My Favorite Castles in Wales
The Beautiful Castles in Wales
This will be a developing exploration of the Castles of Wales as we visit them over the coming months and indeed years.
From the more well known such as Caernarvon (scene of the Investiture of our Current Prince of Wales) and Harlech (which inspired the "Men of Harlech" song) to the less well known and hidden.
Do enjoy the short commentaries and photographs of each castle as they are added and we hope that you will be inspired to visit the Castles of Wales and perhaps to Holiday in Wales.
The Gatehouse of Harlech Castle
Harlech Castle Explored
Visiting Castle Harlech
Harlech Castle appears to sit like an all seeing sentinel, as it looks out across the surrounding land to the sea. Even today many centuries after it was built it still keeps a watchful eye over Snowdonia.
The English monarch Edward I built Harlech in the late 13th century to keep watch over the area. It was perhaps one of the most formidable of his 'iron ring' of fortresses which were designed to contain the Welsh, whom he wanted to subdue, in their mountain fastness.
It's a little ironic that in 1404 it was taken by the leader of the Welsh Owain Glyn Dwr who there is evidence to show then proceeded to summon and hold a parliament there. The uplifting song which will be familiar to many Rugby Fans, "Men of Harlech, was inspired here during a long siege which took place during the Wars of the Roses.
We visited on a gloriously sunny day when the castle stood out against a blue sky. One word of caution if you decide to park at the rear of the castle be prepared for quite a climb! It's 108 steps from the ground to then reach the castle although the views it affords are maginifcent.
One other word of advice! Harlech along with many other great attractions draws school parties. On the day we visited a party of particularily foul mouthed youngsters in their early teens seemed to elude the control of the two teachers who were with them.
However, don't let that put you off! The castle is a fascinating part of the history of this part of Wales as wel as being World Heritage Inscribed site and well worth a visit.
Inside Castle Harlech
View from The Eagle Tower of Caernarvon Castle
Caernarvon Castle Explored
Visiting Caernarvon Castle
Caernarvon or as it is spelt by the Welsh Caernarfon is a Castle which dominates the town and is better known now than it was for many centuries as we shall see shortly.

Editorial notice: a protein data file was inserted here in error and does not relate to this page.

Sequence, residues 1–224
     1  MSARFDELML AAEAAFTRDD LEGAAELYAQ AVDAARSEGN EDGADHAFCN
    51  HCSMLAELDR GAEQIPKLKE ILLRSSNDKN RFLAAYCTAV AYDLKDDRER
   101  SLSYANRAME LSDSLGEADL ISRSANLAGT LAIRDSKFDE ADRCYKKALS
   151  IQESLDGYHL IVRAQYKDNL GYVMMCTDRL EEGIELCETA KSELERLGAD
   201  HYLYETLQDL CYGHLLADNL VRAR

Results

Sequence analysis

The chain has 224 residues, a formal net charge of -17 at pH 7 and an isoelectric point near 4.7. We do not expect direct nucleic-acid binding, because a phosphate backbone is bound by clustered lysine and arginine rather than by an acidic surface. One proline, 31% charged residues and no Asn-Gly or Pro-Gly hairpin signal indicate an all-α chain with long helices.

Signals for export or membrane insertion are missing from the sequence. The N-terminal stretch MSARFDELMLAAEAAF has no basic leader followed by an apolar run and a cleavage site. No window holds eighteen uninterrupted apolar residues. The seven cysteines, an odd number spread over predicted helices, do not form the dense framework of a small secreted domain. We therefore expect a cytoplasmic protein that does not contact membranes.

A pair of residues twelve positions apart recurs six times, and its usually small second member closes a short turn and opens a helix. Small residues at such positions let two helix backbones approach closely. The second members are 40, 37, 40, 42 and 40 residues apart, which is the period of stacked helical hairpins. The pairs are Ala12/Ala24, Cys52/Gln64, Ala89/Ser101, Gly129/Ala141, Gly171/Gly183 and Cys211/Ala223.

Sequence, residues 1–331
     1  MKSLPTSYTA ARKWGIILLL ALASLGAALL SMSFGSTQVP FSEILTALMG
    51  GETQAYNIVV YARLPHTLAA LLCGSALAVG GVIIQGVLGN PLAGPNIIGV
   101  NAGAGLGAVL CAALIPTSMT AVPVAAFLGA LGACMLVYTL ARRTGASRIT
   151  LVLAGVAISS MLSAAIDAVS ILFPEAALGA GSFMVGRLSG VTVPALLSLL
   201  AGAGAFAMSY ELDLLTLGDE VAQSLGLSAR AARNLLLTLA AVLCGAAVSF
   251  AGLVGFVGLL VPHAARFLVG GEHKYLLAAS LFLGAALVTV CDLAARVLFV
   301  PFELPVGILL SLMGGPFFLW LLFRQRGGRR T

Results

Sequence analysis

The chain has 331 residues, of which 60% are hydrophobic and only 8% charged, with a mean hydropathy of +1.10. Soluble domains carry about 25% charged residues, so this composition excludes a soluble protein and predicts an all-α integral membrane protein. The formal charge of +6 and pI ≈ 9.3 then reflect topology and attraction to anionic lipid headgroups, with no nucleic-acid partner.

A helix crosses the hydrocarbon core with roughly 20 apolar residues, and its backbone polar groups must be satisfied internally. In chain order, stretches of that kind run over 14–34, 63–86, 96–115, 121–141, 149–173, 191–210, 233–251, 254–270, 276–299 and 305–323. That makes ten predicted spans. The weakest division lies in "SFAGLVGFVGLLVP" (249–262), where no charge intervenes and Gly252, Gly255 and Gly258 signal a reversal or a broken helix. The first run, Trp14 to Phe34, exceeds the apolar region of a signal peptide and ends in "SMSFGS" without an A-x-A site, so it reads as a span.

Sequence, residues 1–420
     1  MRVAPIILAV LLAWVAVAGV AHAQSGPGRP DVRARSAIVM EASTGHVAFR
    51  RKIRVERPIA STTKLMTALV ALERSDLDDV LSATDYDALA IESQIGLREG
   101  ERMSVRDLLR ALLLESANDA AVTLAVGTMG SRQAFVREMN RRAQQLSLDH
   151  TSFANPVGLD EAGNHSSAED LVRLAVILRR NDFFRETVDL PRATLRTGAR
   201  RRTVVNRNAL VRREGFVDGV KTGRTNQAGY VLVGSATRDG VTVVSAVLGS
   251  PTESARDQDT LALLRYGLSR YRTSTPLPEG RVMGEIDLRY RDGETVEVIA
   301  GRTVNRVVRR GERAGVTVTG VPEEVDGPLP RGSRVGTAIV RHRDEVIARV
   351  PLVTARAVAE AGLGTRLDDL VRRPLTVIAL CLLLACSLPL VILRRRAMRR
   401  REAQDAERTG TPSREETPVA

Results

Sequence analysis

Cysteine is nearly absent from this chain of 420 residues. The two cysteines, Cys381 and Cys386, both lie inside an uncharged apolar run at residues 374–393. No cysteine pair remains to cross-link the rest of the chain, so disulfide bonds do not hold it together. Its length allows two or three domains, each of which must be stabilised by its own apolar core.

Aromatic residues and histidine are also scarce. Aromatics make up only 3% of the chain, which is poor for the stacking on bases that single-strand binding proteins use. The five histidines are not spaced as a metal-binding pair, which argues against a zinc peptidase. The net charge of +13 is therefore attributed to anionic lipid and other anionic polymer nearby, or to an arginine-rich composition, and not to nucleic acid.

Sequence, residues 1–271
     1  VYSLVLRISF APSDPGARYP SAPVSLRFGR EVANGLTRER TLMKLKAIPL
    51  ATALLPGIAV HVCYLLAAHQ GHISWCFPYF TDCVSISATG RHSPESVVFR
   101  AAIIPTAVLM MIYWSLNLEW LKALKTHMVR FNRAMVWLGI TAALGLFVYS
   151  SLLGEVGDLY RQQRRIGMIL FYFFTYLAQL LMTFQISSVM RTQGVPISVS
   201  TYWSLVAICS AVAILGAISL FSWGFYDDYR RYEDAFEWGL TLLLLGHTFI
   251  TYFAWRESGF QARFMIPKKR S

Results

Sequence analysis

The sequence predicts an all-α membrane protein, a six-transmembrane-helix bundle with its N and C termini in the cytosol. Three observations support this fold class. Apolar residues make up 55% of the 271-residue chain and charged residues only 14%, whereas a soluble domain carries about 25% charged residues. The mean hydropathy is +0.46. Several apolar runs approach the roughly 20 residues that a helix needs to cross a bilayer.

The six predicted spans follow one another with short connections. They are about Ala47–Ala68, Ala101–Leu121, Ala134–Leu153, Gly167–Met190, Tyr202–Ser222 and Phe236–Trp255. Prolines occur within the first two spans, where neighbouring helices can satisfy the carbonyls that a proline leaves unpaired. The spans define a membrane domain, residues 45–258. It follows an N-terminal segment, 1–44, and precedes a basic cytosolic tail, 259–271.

The castle of Edward I at Caernarvon was built on the site of what had been a Roman fort and then a Norman Motte and Bailey Castle. This attests to it desirable and prominent position in this part of North Wales. It was another in Edward's Iron Ring of Fortresses and shows many influences from Edward's Foreign expedition and echoes back to the forts of the Romans in so many ways. Caernarvon is architecturally one of the most impressive of all of the castles in Wales. It's defensive capabilities were not as obvious or indeed as powerful as those of Edward I's other castles such as Harlech and Beaumaris. However, Caernarvon was intended as a seat of power and as a symbol of the English dominance over the subdued Welsh.
The site's previous history also clearly demonstrates the strategic importance of the site.
As the centre for a new seat of government, Caernarvon was marked out for a special role and Edward I ensured that his first born son was born within the Castle walls. Edward of Caernarvon, was born in 1284 and became the first English Prince of Wales.
The castle has a fascinating history although it never quite reached the exalted position that had clearly been intended for it. It was often the victim of neglect and it was only after centuries of neglect and indeed abuse that things started to change so that we see so much of it today. The centuries of neglect were halted by repairs undertaken in the late 19th century and, in 1911, it was the scene of the Investiture of Prince Edward (later Edward VIII) as Prince of Wales. The current Prince of Wales was also invested there when he came of age and so Caernarvon was reborn and became as popular as it is today. It is indeed well worth a visit!
Interior View of Caernarvon Castle
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